Four other things, following on from that James O'Brien/Newsnight post...
Firstly, the following discussion - about whether the UK political centre is losing ground to the 'hard' Right and the 'hard' Left, with the Conservatives heading rightwards (according to James O'Brien) and Labour heading leftwards - featured a peculiar balance of opinions.
The two left-wing guests - Rhona Cameron and Tariq Ali - were both 'hard' left-wingers, saying pretty much the same things in different ways [Rhona very loudly, Tariq much more quietly]. The two other guests - Peter Oborne and Annunziata Rees-Mogg - were hardly their equivalents on the Right though. Peter Oborne holds a highly individual set of views which the term "right-wing" doesn't do justice to (as Roy Greenslade notes here) and, as a result, he spent a fair amount of time on Newsnight praising the 'hard' Left and denouncing "neo-liberalism". Until his closing squabble with Rhona Cameron over the present government's record on employment, Peter Oborne had sounded surprisingly close to her and Tariq Ali for a good part of the time.
Secondly, why do Newsnight keep inviting Annunziata Rees-Mogg to appear? (I'm not being rude about her there, just asking a question). And, in a related question, why do Newsnight - and Radio 4's Broadcasting House especially, and much of the rest of the BBC besides - also like to invite her brother, Jacob Rees-Mogg, onto their programmes as their Tory representative? Yes, he's a charming chap and all that, dontchaknow, but just what is it about what the Independent once called "the first family of fogeys" that entices BBC producers and editors to invite them on so often to represent the Conservative Right?
Thirdly, I'm at a loss to work out why certain BBC tweeters seem so enamoured with James O'Brien's skills as a presenter/interviewer (except for the obvious reason). His interviews on Newsnight (well, the ones I've watched at any rate) haven't really impressed me. He seems much more suited to talk radio.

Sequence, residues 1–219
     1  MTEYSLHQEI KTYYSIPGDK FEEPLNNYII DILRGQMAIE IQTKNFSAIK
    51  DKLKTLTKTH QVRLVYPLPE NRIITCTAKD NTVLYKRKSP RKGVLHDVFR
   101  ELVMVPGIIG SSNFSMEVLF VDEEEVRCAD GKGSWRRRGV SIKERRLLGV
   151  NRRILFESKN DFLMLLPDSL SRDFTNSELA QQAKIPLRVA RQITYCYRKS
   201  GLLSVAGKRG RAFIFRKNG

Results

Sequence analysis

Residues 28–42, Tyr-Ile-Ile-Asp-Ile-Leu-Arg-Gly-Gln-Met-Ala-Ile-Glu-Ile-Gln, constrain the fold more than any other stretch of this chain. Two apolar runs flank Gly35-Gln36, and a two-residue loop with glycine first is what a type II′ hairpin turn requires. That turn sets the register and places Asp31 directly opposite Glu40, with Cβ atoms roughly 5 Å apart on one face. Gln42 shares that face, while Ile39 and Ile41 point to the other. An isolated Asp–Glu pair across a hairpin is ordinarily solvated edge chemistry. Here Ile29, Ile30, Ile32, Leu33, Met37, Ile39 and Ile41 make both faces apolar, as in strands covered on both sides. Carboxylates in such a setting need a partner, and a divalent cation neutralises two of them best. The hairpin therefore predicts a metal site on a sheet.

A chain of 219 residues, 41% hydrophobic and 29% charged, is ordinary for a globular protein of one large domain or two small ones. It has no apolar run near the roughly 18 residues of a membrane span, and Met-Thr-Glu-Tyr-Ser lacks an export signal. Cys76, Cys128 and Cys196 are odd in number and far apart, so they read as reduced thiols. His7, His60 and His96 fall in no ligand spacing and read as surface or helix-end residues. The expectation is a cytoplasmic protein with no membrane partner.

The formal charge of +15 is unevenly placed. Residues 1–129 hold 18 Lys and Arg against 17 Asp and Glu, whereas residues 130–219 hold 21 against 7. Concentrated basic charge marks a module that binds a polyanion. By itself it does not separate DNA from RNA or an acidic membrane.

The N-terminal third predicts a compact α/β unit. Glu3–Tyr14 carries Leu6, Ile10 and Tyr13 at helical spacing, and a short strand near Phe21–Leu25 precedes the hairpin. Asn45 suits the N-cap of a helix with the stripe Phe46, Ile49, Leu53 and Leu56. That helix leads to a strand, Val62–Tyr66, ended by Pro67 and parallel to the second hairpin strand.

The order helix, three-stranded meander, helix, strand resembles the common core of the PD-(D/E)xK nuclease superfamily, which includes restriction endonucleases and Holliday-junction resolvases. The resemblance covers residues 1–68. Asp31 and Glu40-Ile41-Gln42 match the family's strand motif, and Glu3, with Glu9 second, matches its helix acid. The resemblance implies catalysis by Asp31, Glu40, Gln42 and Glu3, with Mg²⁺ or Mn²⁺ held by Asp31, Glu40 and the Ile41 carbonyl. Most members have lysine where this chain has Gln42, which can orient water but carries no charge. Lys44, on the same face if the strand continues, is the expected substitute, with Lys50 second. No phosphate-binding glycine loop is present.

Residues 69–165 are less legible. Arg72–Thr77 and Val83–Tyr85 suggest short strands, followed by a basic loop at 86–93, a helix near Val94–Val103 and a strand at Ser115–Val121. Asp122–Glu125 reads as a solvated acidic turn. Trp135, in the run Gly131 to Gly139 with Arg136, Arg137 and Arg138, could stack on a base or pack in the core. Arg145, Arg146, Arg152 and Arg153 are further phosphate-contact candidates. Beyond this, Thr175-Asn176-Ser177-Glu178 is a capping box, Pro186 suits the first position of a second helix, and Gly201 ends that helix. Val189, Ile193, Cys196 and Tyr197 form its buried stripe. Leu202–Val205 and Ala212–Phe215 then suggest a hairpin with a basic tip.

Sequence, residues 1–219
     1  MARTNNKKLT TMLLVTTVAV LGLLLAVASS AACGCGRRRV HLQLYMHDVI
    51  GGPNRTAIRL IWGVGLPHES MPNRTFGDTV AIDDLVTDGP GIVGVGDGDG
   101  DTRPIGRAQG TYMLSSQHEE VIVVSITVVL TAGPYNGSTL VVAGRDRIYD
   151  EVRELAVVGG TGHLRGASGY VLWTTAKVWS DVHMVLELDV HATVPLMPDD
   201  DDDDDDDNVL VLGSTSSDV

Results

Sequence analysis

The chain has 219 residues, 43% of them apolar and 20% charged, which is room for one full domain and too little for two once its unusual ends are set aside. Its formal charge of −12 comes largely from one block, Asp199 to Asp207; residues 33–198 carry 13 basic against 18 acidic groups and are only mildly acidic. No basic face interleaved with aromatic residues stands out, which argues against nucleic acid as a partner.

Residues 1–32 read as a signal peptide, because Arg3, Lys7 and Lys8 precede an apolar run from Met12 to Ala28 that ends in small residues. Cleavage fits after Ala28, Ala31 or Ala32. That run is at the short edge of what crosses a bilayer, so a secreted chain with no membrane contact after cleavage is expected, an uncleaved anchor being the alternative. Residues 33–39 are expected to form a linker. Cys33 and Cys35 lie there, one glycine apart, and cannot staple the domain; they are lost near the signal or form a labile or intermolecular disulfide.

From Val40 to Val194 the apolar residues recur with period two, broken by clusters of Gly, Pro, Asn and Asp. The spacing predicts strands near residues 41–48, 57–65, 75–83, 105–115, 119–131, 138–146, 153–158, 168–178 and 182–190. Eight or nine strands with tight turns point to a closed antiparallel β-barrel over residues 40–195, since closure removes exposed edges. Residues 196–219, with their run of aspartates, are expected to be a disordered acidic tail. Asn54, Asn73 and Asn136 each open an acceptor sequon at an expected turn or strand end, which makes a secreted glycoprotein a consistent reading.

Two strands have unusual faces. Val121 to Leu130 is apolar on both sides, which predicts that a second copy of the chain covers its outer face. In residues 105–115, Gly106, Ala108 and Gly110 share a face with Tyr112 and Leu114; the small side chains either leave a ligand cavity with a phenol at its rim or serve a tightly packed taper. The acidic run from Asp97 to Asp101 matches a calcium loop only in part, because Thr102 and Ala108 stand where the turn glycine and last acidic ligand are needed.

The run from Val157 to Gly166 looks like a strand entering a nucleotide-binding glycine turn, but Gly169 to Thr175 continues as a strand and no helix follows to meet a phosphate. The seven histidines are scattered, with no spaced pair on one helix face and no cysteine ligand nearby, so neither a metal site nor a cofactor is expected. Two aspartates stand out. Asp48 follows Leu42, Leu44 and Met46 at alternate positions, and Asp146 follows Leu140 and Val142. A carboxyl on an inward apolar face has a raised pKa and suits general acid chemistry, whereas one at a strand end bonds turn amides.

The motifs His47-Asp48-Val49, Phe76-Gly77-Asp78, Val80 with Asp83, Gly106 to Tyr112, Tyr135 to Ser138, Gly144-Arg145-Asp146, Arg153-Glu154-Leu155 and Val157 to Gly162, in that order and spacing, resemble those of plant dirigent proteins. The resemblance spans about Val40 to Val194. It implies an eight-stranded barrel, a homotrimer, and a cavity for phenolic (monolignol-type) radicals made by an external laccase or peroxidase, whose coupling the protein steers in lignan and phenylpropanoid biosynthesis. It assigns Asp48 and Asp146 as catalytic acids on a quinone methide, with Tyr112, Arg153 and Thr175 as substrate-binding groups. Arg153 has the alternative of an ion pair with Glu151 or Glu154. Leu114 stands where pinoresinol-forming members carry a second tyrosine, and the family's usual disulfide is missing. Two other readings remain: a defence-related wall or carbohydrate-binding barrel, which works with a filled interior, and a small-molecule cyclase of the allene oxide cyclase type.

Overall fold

And he doesn't listen closely enough to his interviewees either. Last night's Newsnight also had an interesting feature on how hackers stole control of a Chrysler car and interviewed Andy Greenberg, the Wired journalist who won the scoop (a potentially very scary one), Andy Greenberg. Mr Greenberg made it clear early on that it's not just Chrysler who are at risk. Most car manufacturers could be hit in the same way. A minute or so later, however, James O'Brien asked him...er...if it isn't just Chrysler who are at risk, but whether lots of other car manufacturers might be at risk too. Mr Greenberg said yes (politely not registering any displeasure at having been not listened to by his BBC interviewer).
And fourthly and finally, last night's Newsnight opened with a feature about the views of the Bank of England's chief economist. I've watched and re-watched this interview and the framing report by Newsnight's (former TUC chief economist) Duncan Weldon and the subsequent discussion between Duncan and James O'B and still think that Newsnight was seriously going over the top about it. (I thought of the phrase "creaming themselves", but then thought better of it). James O'B in particular was hyping the BofE man's intervention - which, in fairness, was an interesting and radical one (and well worth reporting) - as a staggering assault on the UK's capitalist system. [I'm not exaggerating there, by the way].
Wonder what Jeremy Paxman would make of all this? What does he think Newsnight's "teenagers" are up to here?
[P.S. If you watched the same edition of Newsnight as I did and felt differently, please feel free to disagree. I could be wrong after all. Though I'm not. Probably].